The St. Moritz 1948 Winter Olympic-themed Credit Suisse Press Centre at Goodwood Motor Circuit welcomed some of the biggest names in historic racing on Friday for a Forum that debated whether the spirit of the sport is being challenged.

A capacity audience, featuring over 100 members of the media, listened in as Jochen Mass and Sir Stirling Moss were joined by Desiré Wilson, who remains the only female winner of an F1 race; Anthony Reid, former Japanese F3 Champion; Goodwood CEO Lord March; and Ben Cussons, Royal Automobile Club Motoring Committee Chairman, to consider the greatest threats to the future of historic racing.

Monday, 10 September 2012


In stock! Mini Minor to Asia Minor - There and back! by Nicky West. Check out this feature about the journey in the latest edition of Classic & Sports Car magazine!

Click image to view full size

Click here for more info about the book!


With a few days to go until the 2012 Goodwood Revival gets underway (14-16 September) this hugely popular historic motor racing event has sold out on Saturday and Sunday, with no general admission tickets remaining for these days. A few tickets are still available for Friday, however, but are selling fast and will be available strictly on a first come, first served basis.

The seat-specific covered grandstands sold out many months ago, with only a few tickets for ‘roving’ grandstand access remaining. All camping slots were snapped-up weeks ago too, as was hospitality. All the stalls in the Revival Market retail area were sold by March this year, so the popularity of the Goodwood Revival is unquestionably growing!

With a record Revival attendance last year of 138,000, Lord March - the event’s founder – once again took the bold decision to cap advanced ticket sales for this year to ensure the Revival remains a comfortable and enjoyable experience for all Goodwood visitors, without too much crowding. The huge early demand for the Revival will ensure that those lucky enough to have tickets are set for a truly enjoyable and memorable weekend.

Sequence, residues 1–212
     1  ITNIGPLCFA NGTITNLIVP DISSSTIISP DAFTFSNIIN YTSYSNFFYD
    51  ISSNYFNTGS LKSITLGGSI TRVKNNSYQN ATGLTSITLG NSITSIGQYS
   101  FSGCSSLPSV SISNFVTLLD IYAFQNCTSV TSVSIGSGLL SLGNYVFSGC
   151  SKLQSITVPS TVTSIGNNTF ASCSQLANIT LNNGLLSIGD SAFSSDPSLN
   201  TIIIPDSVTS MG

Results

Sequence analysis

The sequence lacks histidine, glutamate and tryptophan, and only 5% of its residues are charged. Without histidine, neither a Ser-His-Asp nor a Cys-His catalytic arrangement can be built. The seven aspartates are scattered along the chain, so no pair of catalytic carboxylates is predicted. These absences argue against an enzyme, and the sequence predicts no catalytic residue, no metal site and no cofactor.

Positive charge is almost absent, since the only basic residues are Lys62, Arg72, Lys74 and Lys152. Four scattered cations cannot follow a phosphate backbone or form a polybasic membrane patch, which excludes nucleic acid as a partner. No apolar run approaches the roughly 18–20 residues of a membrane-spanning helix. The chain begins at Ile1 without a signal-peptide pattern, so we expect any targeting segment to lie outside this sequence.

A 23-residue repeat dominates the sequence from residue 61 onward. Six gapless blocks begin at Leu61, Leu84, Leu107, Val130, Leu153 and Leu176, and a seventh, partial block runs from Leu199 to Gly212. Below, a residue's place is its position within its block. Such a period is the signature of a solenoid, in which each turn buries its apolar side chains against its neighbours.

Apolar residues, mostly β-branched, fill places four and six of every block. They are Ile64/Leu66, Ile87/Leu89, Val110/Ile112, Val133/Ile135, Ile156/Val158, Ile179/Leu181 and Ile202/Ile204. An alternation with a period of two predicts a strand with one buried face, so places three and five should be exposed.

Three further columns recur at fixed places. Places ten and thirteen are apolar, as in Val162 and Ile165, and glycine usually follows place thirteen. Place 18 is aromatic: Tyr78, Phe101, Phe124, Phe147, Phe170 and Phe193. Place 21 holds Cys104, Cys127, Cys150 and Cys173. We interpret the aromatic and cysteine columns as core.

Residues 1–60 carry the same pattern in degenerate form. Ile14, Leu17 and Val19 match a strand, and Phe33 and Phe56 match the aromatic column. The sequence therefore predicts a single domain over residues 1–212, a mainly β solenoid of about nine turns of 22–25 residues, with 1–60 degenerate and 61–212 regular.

Thursday, 6 September 2012


Would you like to self-publish your work - your passion - and have the same high quality product as our own books, which are well-known and respected for their first-class characteristics?

If the answer's yes, get in touch with us right away to discuss the many possibilities available to you in terms of producing a conventional printed book and/or digital publishing (ebook) at prices that will suit all budgets. We can edit, design, lay out and print your book/ebook, and submit your ebook to Kindle, Nook, Kobo, Waterstones, iBookstore and GooglePlay.
Contact here.


This month we have Kevin Turner from London with his Suzuki SV650s. Kevin is the author of Veloce's book Bonjour! Is this Italy? – A hapless biker's guide to Europe which has recently picked up some excellent reviews. Please keep your entries coming in to, and you never know, it could be YOU in this space next month!

A couple of years ago I managed to get sacked from a thoroughly dreadful job in financial journalism. With time to kill and a new Suzuki SV650s parked outside I decided to strap a tent to the back of the bike, pack some belongings and head off into the unknown (unknown to me that is; I’ll concede that mainland Europe may not hold quite the same mystique for most people). In a nutshell, I rode around for a bit, got quite lost then came home and wrote a book about it all.